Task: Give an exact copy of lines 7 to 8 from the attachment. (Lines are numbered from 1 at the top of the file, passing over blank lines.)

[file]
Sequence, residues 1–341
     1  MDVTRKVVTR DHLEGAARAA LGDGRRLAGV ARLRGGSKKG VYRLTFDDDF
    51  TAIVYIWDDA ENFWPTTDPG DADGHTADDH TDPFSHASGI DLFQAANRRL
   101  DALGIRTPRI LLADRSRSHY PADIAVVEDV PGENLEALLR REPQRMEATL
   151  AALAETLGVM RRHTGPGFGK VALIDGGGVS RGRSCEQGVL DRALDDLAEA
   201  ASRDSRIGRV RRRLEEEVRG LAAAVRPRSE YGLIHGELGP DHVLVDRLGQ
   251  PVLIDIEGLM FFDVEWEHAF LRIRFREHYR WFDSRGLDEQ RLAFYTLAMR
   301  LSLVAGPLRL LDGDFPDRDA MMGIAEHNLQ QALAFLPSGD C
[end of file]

   251  PVLIDIEGLM FFDVEWEHAF LRIRFREHYR WFDSRGLDEQ RLAFYTLAMR
   301  LSLVAGPLRL LDGDFPDRDA MMGIAEHNLQ QALAFLPSGD C